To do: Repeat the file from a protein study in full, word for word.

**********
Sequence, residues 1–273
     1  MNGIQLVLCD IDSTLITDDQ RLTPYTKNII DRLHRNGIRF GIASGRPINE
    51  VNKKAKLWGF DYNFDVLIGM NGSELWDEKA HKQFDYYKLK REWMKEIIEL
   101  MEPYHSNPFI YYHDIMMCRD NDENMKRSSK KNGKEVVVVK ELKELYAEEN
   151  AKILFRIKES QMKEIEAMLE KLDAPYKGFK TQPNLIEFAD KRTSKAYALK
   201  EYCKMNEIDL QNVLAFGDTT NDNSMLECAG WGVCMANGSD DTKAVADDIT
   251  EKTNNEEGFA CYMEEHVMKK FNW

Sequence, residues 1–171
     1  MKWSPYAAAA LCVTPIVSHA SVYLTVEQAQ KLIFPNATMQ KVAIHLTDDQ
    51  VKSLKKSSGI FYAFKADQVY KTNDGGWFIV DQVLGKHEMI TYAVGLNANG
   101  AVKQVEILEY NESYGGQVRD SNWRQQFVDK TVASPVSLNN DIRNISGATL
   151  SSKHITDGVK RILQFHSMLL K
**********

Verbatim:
Sequence, residues 1–273
     1  MNGIQLVLCD IDSTLITDDQ RLTPYTKNII DRLHRNGIRF GIASGRPINE
    51  VNKKAKLWGF DYNFDVLIGM NGSELWDEKA HKQFDYYKLK REWMKEIIEL
   101  MEPYHSNPFI YYHDIMMCRD NDENMKRSSK KNGKEVVVVK ELKELYAEEN
   151  AKILFRIKES QMKEIEAMLE KLDAPYKGFK TQPNLIEFAD KRTSKAYALK
   201  EYCKMNEIDL QNVLAFGDTT NDNSMLECAG WGVCMANGSD DTKAVADDIT
   251  EKTNNEEGFA CYMEEHVMKK FNW

Sequence, residues 1–171
     1  MKWSPYAAAA LCVTPIVSHA SVYLTVEQAQ KLIFPNATMQ KVAIHLTDDQ
    51  VKSLKKSSGI FYAFKADQVY KTNDGGWFIV DQVLGKHEMI TYAVGLNANG
   101  AVKQVEILEY NESYGGQVRD SNWRQQFVDK TVASPVSLNN DIRNISGATL
   151  SSKHITDGVK RILQFHSMLL K